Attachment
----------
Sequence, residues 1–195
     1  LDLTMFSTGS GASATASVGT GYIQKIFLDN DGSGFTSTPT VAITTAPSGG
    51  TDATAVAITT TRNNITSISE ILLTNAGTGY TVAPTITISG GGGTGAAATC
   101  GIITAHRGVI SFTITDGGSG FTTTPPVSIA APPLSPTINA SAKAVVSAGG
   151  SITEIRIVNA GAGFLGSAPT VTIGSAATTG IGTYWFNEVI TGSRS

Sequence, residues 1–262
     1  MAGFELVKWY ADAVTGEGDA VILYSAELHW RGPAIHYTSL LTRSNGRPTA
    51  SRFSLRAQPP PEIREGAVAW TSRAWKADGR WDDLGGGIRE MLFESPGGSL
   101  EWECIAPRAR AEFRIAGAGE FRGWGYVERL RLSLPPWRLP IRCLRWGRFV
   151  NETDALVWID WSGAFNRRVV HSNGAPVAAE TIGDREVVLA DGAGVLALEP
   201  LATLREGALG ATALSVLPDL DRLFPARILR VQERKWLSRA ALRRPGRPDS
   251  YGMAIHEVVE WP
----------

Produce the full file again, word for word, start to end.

Sequence, residues 1–195
     1  LDLTMFSTGS GASATASVGT GYIQKIFLDN DGSGFTSTPT VAITTAPSGG
    51  TDATAVAITT TRNNITSISE ILLTNAGTGY TVAPTITISG GGGTGAAATC
   101  GIITAHRGVI SFTITDGGSG FTTTPPVSIA APPLSPTINA SAKAVVSAGG
   151  SITEIRIVNA GAGFLGSAPT VTIGSAATTG IGTYWFNEVI TGSRS

Sequence, residues 1–262
     1  MAGFELVKWY ADAVTGEGDA VILYSAELHW RGPAIHYTSL LTRSNGRPTA
    51  SRFSLRAQPP PEIREGAVAW TSRAWKADGR WDDLGGGIRE MLFESPGGSL
   101  EWECIAPRAR AEFRIAGAGE FRGWGYVERL RLSLPPWRLP IRCLRWGRFV
   151  NETDALVWID WSGAFNRRVV HSNGAPVAAE TIGDREVVLA DGAGVLALEP
   201  LATLREGALG ATALSVLPDL DRLFPARILR VQERKWLSRA ALRRPGRPDS
   251  YGMAIHEVVE WP